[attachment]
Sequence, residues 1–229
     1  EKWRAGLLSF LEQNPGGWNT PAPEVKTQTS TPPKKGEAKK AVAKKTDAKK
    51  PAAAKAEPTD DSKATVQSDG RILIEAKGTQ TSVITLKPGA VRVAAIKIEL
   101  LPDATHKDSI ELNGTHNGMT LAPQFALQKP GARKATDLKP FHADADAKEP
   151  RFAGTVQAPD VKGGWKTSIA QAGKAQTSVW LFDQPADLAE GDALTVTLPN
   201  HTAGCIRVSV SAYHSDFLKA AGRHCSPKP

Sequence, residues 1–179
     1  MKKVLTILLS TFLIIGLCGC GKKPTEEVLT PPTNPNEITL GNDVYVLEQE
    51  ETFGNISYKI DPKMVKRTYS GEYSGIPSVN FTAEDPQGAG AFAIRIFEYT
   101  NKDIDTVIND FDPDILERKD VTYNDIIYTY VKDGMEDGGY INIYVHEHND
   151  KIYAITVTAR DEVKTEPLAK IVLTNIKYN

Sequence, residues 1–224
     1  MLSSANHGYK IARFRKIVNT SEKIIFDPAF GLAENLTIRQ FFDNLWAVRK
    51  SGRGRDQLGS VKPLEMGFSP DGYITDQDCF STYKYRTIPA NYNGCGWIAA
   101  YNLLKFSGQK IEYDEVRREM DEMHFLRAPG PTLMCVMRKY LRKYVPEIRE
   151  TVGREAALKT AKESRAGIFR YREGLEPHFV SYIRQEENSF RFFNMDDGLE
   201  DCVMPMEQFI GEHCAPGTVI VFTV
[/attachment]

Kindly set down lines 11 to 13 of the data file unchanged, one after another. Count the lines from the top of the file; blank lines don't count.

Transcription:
   151  KIYAITVTAR DEVKTEPLAK IVLTNIKYN

Sequence, residues 1–224
     1  MLSSANHGYK IARFRKIVNT SEKIIFDPAF GLAENLTIRQ FFDNLWAVRK